These top selling snowshoes for men and women are a versatile option for exploring a wide range of landscapes in different snow conditions. Available in 21 and 27 inch lengths, the aluminum frame is optimal for flotation, and two sets of stiff studs grip icy ground and provide traction. The heel lift also helps provide comfortable leverage while going up inclines. And users rave about the adjustable filing cabinets, which work in a ratchet style.

What to look for when choosing snowshoes

Now, as you saw above, there are plenty of options to choose the right snowshoes for you. From comfort to utility, there are many factors to consider. Here are a few that you will want to keep in mind.


Unlike regular shoes, when referring to the size of the snowshoes, the focus is on the actual size of the shoe. A larger racquet with a larger frame and bridge span will cover more area, making it ideal for cruising in deep powder or long distances in the backcountry. But that also makes it more difficult to maneuver. In comparison, a smaller racquet is better for increased agility and flexibility, making it ideal for more difficult and technical terrain.

You should also consider the weight you will be carrying, which includes both your body weight and the weight of your pack and gear. For those long trips where you’ll need a lot of gear, or hauling gear to a desirable ski or snowboard slope, you want a snowshoe that will take all that weight without sinking into the snow, which makes travel more difficult and tires you out faster. In comparison, on short trips where all you need is a light day pack, you won’t have to worry so much about the combined weight.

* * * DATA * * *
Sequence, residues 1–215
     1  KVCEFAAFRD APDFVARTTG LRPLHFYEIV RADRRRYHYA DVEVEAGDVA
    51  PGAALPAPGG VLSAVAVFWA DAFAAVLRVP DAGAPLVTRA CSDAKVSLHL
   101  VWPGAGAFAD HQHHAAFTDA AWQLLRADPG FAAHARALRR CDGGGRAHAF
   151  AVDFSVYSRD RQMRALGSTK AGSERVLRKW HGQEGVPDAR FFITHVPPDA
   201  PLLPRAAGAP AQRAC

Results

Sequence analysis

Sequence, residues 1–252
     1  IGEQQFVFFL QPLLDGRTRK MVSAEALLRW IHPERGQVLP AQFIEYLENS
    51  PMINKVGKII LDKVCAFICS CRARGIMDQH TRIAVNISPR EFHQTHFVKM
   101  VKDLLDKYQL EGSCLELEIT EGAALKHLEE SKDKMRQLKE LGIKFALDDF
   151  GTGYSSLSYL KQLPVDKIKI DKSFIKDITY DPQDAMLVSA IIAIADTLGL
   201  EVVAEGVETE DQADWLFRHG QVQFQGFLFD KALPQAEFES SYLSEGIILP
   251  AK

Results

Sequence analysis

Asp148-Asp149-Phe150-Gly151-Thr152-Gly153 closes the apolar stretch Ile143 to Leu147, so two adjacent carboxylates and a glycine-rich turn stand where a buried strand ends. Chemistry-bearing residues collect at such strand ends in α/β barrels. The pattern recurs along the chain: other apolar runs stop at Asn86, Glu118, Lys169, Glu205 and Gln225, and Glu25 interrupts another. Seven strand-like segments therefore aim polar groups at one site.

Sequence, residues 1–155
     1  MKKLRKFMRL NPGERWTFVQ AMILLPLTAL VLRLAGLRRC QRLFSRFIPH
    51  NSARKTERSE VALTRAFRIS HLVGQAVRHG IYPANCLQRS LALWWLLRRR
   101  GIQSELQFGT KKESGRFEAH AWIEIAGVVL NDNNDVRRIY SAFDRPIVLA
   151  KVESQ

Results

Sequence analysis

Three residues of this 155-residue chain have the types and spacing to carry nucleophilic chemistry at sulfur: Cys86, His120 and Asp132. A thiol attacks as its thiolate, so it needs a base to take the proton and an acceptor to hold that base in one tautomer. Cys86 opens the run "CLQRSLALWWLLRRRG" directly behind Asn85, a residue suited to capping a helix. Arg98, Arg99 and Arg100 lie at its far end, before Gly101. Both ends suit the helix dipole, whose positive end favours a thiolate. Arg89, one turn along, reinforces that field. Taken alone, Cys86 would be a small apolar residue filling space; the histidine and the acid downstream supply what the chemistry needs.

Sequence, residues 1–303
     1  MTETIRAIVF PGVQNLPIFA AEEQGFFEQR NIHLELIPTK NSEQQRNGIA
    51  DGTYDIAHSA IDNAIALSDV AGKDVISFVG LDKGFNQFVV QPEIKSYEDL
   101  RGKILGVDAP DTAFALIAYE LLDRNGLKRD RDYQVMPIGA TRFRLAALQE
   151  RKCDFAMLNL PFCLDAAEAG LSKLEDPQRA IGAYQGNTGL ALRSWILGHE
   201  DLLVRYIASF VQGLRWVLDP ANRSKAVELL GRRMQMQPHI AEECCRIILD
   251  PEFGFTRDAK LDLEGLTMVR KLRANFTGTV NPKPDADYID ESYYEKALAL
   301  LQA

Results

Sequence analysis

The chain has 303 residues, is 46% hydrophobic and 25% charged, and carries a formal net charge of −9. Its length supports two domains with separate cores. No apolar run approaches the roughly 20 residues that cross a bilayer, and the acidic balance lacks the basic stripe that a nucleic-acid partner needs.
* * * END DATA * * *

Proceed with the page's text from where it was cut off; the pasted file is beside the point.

Different types of snowshoes work best on different terrains. Bigger snowshoes with larger plateaus are optimal for deep snowfall, while if you enjoy mountaineering and alpine explorations you need a model with lots of crampons and blades that will grip the snow. icy and rocky slopes. These types of rackets are also generally more durable as they have been designed for more demanding technical challenges. You can also find models that are a happy medium, with roomy decks and frames but sturdy handles and traction for less extreme climbs and descents. So, when deciding, you need to consider what type of terrain you typically spend most of your time on.


One of the most important parts of snowshoes is the binding, which physically binds your boot to the snowshoe. You want a snug, secure binding that is also comfortable for long hours of use. User-friendliness is also essential, in particular to be able to easily remove or put on your snowshoes. Bindings can range from the crisscross sneaker style to ratchet straps and are typically made of nylon, cable lace, or rubber.


While some racquets are unisex, racquets are generally divided into men’s and women’s models. The women’s models have a more tapered, elongated tail and are wider in the front, having been designed to accommodate a woman’s natural stride and relieve physical strain on the hips and knees. On the other hand, men’s models are more square, with no narrowing or widening at either end. And unisex models are a bit of both.